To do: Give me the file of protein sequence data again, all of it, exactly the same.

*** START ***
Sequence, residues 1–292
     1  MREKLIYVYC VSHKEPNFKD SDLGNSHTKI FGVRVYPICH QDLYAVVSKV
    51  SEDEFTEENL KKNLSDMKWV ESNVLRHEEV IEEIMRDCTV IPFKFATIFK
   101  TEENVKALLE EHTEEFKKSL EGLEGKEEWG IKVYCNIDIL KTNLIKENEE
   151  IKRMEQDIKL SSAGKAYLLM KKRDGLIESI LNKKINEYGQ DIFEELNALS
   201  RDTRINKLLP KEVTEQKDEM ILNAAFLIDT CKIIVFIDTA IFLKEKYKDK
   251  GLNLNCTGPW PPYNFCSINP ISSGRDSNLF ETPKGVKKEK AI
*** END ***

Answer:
Sequence, residues 1–292
     1  MREKLIYVYC VSHKEPNFKD SDLGNSHTKI FGVRVYPICH QDLYAVVSKV
    51  SEDEFTEENL KKNLSDMKWV ESNVLRHEEV IEEIMRDCTV IPFKFATIFK
   101  TEENVKALLE EHTEEFKKSL EGLEGKEEWG IKVYCNIDIL KTNLIKENEE
   151  IKRMEQDIKL SSAGKAYLLM KKRDGLIESI LNKKINEYGQ DIFEELNALS
   201  RDTRINKLLP KEVTEQKDEM ILNAAFLIDT CKIIVFIDTA IFLKEKYKDK
   251  GLNLNCTGPW PPYNFCSINP ISSGRDSNLF ETPKGVKKEK AI